ACI method of concrete mix design is based on the estimated weight of the concrete per unit volume. This method takes into consideration the requirements for consistency, workability, strength and durability. This article presents ACI method of concrete mix design.
Contents:
- ACI Method of Concrete Mix Design
- Procedure for ACI Method of Concrete Mix Design
- 1. Choice of slump
- 2. Choice of maximum size of aggregate
- 3. Estimation of mixing water and air content
- 4. Selection of water-cement or water-cementitious material ratio
- 5. Calculation of cement content
- 6. Estimation of coarse aggregate content
- 7. Estimation of fine aggregate content
- 8. Adjustments for aggregate moisture
- 9. Trial Batch Adjustments
ACI Method of Concrete Mix Design
Required Data:
Before starting concrete mix design, basic information on raw materials shall be prepared which include:
- Sieve analyses of fine and coarse aggregates.
- Unit weight (dry rodded density) of coarse aggregate.
- Bulk specific gravities and absorptions or moisture content of aggregates.
- Mixing-water requirements of concrete developed from experience with available aggregates.
- Specific gravities of Portland cement and other cementitious materials, if used.
- Relationships between strength and water-cement ratio or ratio of water-to-cement plus other cementitious materials, for available combinations of cements, other cementitious materials if considered, and aggregates.
Procedure for ACI Method of Concrete Mix Design
1. Choice of slump
If slump is not specified, a value appropriate for the work can be selected from Table 1. The values provided in table can be used only when vibration is used to consolidate concrete. To read more about slump, Please click here.
Table 1 Recommended slumps for various types of construction
Construction type | Slump value, mm | |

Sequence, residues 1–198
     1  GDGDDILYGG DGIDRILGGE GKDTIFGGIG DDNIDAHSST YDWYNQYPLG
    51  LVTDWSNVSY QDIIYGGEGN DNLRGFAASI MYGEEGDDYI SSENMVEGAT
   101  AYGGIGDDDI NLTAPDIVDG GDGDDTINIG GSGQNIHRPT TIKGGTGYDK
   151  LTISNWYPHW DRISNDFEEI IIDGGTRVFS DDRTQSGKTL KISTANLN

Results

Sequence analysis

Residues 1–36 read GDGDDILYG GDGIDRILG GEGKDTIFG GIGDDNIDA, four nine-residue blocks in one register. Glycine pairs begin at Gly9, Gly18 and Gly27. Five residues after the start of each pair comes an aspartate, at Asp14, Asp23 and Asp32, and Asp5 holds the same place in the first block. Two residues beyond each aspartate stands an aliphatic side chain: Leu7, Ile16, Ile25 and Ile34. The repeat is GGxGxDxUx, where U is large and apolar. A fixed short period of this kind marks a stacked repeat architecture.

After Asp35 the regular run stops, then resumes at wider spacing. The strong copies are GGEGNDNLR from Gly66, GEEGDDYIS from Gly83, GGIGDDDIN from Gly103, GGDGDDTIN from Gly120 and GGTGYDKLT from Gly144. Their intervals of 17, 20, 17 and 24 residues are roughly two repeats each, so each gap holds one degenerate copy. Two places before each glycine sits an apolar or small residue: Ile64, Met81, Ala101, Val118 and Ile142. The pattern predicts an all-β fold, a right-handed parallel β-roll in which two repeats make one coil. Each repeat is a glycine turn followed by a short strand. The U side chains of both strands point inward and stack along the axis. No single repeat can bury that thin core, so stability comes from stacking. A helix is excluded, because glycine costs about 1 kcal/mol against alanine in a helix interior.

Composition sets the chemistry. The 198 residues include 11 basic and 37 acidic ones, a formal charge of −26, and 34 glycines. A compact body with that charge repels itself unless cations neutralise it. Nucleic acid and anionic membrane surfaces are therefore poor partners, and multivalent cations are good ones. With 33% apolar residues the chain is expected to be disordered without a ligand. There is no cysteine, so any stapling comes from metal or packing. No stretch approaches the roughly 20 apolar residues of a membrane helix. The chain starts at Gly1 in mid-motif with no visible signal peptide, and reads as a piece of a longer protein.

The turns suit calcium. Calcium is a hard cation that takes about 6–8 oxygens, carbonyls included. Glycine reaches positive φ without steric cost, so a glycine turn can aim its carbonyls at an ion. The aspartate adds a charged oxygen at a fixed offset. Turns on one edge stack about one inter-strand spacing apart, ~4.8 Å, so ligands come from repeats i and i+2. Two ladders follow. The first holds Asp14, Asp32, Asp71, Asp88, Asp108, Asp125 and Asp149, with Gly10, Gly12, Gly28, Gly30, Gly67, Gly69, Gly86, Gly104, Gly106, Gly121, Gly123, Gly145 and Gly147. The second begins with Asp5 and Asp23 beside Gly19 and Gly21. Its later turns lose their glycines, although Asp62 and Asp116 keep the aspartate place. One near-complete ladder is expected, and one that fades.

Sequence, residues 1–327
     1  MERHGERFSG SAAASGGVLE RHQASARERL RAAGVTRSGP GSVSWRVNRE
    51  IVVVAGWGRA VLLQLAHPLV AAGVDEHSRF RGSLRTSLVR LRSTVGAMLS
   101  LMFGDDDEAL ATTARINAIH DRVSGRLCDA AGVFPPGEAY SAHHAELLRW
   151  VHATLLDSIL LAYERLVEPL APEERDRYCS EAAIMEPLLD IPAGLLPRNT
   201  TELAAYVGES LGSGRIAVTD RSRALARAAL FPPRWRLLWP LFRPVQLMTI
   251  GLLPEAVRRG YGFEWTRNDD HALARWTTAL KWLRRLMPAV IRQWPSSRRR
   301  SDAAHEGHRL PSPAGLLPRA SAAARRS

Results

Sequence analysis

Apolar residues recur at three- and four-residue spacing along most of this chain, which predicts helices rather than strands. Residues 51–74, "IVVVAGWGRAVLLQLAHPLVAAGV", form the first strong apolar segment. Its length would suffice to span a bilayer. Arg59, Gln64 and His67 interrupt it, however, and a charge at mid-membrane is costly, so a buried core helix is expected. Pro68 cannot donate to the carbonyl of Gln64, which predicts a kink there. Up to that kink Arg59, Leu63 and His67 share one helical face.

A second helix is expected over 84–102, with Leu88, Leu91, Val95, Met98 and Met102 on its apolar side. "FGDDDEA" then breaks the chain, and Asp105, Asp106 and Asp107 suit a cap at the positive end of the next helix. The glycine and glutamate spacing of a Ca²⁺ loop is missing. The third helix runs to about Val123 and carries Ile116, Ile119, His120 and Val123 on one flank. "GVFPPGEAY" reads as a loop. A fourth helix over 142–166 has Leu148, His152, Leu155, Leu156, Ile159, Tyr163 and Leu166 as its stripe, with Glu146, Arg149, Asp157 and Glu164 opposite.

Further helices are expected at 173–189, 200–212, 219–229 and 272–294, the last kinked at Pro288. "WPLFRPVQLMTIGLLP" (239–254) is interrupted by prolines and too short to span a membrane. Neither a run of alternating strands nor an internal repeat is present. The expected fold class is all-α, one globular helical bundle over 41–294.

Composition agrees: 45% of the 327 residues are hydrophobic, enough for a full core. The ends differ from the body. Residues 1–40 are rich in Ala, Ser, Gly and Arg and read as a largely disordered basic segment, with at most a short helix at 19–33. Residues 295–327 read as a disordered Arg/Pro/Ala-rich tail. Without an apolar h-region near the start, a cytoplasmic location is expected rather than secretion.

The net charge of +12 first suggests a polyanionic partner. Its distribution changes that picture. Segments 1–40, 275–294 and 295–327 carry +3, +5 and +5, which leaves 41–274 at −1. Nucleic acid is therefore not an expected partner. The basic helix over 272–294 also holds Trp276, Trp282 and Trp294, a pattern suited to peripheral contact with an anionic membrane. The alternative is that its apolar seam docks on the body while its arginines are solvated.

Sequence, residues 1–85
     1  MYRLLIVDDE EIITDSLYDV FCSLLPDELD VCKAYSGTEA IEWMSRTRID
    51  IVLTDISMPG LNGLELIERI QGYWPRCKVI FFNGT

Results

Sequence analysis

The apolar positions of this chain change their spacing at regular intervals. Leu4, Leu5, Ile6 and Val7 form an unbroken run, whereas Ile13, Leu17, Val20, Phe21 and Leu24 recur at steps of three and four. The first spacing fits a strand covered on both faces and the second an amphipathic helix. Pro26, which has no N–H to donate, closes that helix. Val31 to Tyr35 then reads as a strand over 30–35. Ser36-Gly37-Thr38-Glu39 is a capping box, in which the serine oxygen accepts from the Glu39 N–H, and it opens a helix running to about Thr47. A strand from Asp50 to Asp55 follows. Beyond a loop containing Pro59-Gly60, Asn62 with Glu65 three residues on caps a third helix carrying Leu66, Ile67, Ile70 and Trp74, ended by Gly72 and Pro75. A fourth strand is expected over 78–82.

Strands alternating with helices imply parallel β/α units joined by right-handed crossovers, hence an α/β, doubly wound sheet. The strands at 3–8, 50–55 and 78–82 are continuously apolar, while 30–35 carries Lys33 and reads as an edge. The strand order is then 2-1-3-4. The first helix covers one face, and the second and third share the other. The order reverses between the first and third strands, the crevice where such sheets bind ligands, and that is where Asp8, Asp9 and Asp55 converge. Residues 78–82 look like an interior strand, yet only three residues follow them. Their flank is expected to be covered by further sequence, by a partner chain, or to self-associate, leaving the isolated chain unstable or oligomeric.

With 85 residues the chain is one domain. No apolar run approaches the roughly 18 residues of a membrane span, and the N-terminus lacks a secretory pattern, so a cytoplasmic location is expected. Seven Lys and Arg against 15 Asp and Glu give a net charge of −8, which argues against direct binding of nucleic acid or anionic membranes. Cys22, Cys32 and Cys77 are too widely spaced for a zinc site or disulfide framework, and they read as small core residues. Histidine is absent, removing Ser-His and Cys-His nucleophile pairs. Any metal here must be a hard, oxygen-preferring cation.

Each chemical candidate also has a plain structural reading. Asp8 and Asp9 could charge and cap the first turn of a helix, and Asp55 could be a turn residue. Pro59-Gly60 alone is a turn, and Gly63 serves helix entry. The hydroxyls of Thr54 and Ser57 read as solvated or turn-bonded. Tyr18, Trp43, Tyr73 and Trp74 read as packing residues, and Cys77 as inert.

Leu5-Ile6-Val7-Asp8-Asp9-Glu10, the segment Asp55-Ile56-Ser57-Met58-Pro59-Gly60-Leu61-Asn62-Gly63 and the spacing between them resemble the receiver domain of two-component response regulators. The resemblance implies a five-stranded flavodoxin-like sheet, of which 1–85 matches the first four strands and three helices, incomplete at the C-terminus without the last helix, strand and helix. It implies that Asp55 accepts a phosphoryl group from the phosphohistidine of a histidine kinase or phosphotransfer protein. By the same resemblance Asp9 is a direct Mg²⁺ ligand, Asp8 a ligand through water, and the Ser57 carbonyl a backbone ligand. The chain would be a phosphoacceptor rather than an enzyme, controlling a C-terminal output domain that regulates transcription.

Minimum | Maximum* | |
Reinforced foundation walls and footings | 25 | 75 |
Plain footings, caissons, and substructure walls | 25 | 75 |
Beams and reinforced walls | 25 | 100 |
Building columns | 25 | 100 |
Pavements and slabs | 25 | 75 |
Mass concrete | 25 | 50 |
*May increased 25mm for methods of consolidation other than vibration |
2. Choice of maximum size of aggregate
commonly, maximum aggregate size should be the largest that is economically available and consistent with dimensions of structural element. ACI 211.1-91 specify that, maximum aggregate size shall not surpass:
- One-fifth of the narrowest dimension between sides of forms.
- one-third the depth of slabs
- 3/4-ths of the minimum clear spacing between individual reinforcing bars, bundles of bars, or pre-tensioning strands.
These limitations may be ignored provided that workability and methods of consolidation are such that the concrete can be placed without honeycomb or void.
3. Estimation of mixing water and air content
The quantity of water per unit volume of concrete required to produce a given slump is dependent on:
- nominal maximum size
- particle shape
- grading of the aggregates
- concrete temperature
- amount of entrained air
- use of chemical admixtures.
Table 2 and Table 3 provide estimates of required mixing water for concrete made with various maximum sizes of aggregate, for non-air and air-entrainment concrete, respectively.
Table 2 Approximate mixing water (Kg/m^{3}) and air content for different slumps and nominal maximum sizes of aggregates for non-air content concrete
Slump, mm | Water, Kg/m^{3} of concrete for indicated nominal maximum sizes of aggregate | |||||||
9.5 mm | 12.5 mm | 19 mm | 25 mm | 37.5 mm | 50 mm | 75 mm | 150 mm | |
25-50 | 207 | 199 | 190 | 179 | 166 | 154 | 130 | 113 |
75-100 | 228 | 216 | 205 | 193 | 181 | 169 | 145 | 124 |
150-175 | 243 | 228 | 216 | 202 | 190 | 178 | 160 | —- |
Approximate Air content quantity, % | 3 | 2.5 | 2 | 1.5 | 1 | 0.5 | 0.3 | 0.2 |
Table 3 Approximate mixing water (Kg/m^{3}) and air content for different slumps and nominal maximum sizes of aggregates for air content concrete
Slump, mm | Water, Kg/m^{3} of concrete for indicated nominal maximum sizes of aggregate | |||||||
9.5 mm | 12.5 mm | 19 mm | 25 mm | 37.5 mm | 50 mm | 75 mm | 150 mm | |
25-50 | 181 | 175 | 168 | 160 | 150 | 142 | 122 | 107 |